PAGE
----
Doctor receives international patents for therapeutic process to remove excess galectin-3

Isaac Eliaz, MD, MS, LAc has been awarded a USA patent as well as additional international patents for a therapeutic process that allows for the removal of excess galectin-3 from the circulatory system using plasmapheresis.

The Galectin-3 Plasmapheresis Therapy patent is the first-ever granted for this type of therapy. Dr. Eliaz is a pioneer in developing solutions for excess galectin-3, a protein which is linked to serious health issues like cancer, cardiovascular disease, chronic inflammation, fibrosis, kidney disease, liver disease, arthritis and more. His work also includes the development of modified citrus pectin, the most-researched galectin-3 blocker today.

"This treatment, which accomplishes a dramatic removal of galectin-3 from the body's circulation, can improve the effectiveness of existing therapies," said Dr. Eliaz. "Because high circulating levels of galectin-3 may inhibit multiple treatments from getting to their target tissues, removal of these 'decoy' molecules allows therapies to get to the target site of an injury or tumor, providing a therapeutic advantage."

Galectin-3 Plasmapheresis Therapy helps with a wide range of inflammatory health conditions related to elevated levels of galectin-3. Dr. Eliaz's ongoing research has revolved around the concept of using plasmapheresis to remove excess galectin-3 in the blood by using a special column as a filter. Further research on the therapy is now underway, and Dr. Eliaz hopes that it will be widely available as a standard medical treatment within the next several years.

Plasmapheresis works by taking plasma out of the blood and running it through specialized column filters to replace it in the body with healthier, cleaner plasma. "Treatment of a patient by plasmapheresis through a Galectin-3 absorbing column could lower the levels of Galectin-3 in the patient's blood. Since Galectin-3 levels are elevated in the blood of patients with many inflammatory conditions, lowering these levels could ameliorate those conditions," said Dr. Eliaz. In the U.S., plasmapheresis is mostly used for removing cholesterol in the blood in people with genetically high cholesterol, although European medical professionals use it for a greater variety of treatments. The process of plasmapheresis is effective for autoimmune flare-ups, kidney damage and various other medical issues.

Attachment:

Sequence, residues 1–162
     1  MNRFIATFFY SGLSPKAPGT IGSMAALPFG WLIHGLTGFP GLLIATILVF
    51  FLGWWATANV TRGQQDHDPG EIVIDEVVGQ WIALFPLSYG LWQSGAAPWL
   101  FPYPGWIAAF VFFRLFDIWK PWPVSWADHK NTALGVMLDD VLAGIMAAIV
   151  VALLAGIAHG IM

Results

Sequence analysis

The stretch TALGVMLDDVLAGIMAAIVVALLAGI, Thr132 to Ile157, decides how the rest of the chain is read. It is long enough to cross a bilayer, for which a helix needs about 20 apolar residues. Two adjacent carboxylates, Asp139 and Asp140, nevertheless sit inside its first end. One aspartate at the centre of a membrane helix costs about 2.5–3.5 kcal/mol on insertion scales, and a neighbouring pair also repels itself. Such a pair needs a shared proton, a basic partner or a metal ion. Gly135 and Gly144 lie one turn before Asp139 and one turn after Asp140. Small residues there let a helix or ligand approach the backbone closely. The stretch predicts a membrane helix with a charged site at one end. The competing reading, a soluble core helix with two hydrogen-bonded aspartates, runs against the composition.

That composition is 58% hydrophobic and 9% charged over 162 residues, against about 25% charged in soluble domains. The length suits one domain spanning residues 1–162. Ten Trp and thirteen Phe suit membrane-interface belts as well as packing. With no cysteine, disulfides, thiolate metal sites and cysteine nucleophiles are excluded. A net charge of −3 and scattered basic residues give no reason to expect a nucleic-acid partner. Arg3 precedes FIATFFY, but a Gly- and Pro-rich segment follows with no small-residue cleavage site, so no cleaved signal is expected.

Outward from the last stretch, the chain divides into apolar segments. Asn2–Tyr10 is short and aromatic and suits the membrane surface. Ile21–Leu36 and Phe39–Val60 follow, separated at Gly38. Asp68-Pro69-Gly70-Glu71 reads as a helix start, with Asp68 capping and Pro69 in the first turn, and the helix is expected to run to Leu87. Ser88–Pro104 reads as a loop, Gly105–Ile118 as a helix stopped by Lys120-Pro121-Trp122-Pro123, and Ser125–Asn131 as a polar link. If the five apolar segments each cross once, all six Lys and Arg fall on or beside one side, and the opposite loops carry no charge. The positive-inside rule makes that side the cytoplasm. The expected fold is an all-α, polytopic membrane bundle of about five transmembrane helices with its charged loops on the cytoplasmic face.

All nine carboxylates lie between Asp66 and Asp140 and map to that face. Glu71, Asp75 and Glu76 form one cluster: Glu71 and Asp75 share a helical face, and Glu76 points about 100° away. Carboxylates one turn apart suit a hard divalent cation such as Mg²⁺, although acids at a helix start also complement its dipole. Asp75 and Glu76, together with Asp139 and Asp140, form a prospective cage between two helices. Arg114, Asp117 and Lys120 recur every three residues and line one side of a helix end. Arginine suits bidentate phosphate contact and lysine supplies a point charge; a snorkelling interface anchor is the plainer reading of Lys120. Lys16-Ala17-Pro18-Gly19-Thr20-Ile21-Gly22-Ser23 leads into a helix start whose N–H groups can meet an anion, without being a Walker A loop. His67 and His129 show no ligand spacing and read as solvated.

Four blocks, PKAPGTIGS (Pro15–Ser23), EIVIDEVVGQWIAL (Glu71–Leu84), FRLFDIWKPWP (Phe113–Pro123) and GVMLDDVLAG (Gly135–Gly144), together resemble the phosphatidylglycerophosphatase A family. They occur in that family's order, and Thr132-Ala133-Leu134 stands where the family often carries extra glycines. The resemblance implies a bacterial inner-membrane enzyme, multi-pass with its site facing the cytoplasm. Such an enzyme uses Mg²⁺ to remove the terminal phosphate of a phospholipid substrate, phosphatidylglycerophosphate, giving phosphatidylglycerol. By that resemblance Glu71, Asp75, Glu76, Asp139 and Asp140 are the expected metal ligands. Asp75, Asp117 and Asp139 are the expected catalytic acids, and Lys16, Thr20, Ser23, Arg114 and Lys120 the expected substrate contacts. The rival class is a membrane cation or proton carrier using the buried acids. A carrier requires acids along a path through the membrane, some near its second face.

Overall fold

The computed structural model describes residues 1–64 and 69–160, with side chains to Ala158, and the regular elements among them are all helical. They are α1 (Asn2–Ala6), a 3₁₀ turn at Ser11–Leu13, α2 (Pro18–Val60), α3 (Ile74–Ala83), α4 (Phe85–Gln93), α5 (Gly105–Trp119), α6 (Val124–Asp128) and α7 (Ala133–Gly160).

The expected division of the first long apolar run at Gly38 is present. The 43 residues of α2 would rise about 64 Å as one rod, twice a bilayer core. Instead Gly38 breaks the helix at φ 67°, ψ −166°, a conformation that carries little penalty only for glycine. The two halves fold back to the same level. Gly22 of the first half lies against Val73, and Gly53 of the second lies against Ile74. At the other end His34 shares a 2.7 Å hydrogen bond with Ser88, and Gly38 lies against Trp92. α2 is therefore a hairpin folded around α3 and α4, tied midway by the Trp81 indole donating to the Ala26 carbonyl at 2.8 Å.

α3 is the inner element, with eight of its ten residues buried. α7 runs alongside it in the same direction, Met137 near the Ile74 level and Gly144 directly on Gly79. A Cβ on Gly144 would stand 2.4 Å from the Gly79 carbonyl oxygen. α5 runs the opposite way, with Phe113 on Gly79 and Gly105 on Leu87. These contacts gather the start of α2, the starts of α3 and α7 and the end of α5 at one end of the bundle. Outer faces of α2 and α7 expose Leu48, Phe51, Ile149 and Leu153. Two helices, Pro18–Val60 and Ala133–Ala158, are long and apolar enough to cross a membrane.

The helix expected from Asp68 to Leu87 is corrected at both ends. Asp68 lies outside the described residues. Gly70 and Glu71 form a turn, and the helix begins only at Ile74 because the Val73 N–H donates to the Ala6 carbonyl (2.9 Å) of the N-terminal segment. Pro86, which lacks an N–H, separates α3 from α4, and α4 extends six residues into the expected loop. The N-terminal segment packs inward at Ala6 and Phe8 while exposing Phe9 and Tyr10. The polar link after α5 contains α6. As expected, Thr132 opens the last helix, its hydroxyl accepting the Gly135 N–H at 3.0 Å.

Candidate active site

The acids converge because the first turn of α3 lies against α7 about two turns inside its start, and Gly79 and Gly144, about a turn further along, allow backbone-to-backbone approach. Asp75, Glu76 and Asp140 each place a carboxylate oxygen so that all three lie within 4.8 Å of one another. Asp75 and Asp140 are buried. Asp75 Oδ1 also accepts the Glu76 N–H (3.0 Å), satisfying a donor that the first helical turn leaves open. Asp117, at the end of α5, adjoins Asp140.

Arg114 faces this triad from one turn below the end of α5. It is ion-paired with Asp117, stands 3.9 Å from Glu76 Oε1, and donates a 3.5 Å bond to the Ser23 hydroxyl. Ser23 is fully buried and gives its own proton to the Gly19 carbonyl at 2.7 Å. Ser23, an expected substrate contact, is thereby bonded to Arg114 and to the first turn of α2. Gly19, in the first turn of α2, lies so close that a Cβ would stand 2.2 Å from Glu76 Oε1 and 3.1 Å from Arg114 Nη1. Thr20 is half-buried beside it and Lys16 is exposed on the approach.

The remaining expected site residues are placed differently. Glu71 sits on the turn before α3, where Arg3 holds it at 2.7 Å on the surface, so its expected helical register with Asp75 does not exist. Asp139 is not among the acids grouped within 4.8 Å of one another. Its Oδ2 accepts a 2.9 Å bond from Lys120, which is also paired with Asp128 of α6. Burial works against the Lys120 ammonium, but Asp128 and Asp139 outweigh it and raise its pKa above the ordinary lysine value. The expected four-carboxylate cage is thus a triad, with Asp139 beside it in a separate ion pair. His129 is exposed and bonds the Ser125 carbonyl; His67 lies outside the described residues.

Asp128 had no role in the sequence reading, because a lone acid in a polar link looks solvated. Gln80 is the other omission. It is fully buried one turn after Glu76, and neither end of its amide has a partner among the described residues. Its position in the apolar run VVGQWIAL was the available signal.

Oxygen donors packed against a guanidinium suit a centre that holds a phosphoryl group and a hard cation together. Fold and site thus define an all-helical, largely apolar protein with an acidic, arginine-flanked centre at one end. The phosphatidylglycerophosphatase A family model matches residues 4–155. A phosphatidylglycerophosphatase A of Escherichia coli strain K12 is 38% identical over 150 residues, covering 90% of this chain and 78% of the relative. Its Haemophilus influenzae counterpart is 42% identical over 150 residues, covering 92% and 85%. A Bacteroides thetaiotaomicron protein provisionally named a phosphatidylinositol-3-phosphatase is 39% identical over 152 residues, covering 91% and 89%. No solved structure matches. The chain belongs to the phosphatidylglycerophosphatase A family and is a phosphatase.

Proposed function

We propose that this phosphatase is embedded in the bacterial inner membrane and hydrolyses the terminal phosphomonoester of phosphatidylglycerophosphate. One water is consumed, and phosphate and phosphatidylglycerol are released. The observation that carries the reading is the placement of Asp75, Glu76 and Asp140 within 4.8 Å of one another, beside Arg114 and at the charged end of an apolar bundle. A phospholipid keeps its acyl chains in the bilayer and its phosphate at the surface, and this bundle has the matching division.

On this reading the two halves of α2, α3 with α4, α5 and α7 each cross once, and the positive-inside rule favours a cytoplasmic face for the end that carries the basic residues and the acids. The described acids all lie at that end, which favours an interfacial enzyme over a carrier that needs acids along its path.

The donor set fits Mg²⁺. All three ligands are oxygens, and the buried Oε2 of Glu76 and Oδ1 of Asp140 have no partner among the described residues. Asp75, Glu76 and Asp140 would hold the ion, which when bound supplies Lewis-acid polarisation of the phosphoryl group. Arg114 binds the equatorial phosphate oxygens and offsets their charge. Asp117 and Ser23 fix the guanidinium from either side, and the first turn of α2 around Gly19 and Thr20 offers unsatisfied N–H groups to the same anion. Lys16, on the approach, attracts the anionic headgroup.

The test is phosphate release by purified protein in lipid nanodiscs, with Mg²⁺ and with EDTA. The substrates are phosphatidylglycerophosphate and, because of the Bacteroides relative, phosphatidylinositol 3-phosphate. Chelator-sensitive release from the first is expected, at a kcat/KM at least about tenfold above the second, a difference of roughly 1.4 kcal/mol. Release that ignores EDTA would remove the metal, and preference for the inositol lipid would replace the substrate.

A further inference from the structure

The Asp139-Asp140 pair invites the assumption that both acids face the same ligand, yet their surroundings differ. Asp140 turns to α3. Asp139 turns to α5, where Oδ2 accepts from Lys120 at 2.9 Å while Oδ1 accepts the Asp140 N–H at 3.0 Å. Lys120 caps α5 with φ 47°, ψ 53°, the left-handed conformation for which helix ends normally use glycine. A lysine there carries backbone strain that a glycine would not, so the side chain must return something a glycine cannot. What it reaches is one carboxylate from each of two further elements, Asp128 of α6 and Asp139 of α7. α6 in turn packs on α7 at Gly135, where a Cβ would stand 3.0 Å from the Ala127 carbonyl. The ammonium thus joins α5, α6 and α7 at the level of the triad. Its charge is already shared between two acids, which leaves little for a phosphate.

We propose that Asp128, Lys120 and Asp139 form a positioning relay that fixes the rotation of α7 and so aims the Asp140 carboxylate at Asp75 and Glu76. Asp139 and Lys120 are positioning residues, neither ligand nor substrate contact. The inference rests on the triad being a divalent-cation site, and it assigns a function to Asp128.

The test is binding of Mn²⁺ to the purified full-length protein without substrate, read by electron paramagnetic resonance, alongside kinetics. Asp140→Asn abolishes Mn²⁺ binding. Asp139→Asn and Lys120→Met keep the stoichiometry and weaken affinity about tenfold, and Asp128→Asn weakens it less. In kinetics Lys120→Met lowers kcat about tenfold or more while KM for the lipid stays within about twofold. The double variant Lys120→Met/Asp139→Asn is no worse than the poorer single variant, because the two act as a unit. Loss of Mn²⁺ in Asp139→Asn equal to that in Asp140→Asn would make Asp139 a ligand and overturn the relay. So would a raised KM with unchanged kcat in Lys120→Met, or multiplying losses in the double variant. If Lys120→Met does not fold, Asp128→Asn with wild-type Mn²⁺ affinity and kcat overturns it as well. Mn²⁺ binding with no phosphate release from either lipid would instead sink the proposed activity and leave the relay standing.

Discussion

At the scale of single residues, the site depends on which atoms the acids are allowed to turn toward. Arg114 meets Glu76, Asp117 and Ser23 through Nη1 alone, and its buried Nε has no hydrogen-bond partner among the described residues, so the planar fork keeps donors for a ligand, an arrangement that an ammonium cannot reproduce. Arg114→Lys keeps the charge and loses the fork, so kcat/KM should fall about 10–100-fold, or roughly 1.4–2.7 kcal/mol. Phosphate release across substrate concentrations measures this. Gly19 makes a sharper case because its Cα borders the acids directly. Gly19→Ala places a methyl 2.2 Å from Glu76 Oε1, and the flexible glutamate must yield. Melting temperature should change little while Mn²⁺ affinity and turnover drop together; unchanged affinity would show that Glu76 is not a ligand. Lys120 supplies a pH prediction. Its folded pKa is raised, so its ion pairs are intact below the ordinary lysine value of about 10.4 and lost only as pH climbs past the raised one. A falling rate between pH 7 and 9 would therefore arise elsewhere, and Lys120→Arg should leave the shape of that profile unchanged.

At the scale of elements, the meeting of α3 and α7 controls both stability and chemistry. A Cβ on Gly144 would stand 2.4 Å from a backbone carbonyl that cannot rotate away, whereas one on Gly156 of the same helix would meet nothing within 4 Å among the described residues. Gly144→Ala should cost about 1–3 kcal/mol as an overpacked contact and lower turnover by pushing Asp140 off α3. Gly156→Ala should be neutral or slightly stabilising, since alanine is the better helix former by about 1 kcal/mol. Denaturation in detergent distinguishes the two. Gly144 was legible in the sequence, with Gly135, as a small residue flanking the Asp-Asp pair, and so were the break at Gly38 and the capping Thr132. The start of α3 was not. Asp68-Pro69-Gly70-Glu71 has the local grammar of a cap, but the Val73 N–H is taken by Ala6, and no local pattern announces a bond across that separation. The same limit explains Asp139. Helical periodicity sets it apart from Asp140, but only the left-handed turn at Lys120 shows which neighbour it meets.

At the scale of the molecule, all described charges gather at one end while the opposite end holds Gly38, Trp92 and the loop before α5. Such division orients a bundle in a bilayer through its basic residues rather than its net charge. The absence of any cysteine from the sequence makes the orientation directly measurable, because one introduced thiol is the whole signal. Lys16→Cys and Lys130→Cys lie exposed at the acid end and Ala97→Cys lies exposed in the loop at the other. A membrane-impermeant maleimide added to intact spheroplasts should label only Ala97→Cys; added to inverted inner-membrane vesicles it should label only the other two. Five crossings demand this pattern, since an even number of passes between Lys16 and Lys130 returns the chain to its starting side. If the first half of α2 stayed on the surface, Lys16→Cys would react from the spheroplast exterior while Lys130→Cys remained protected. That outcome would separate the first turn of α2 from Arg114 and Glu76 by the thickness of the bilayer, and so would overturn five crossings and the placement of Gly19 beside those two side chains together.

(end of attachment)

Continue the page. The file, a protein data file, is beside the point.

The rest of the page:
"Plasmapheresis is a highly underutilized technology with the potential to positively impact a wide variety of both acute medical situations and chronic disease treatments," said Dr. Eliaz. "Removing galectin-3 and additional inflammatory and comorbid factors during plasmapheresis could change the outcome and offer a safe, new treatment option for these difficult-to-treat conditions."

 

Source:

Better Health Publishing

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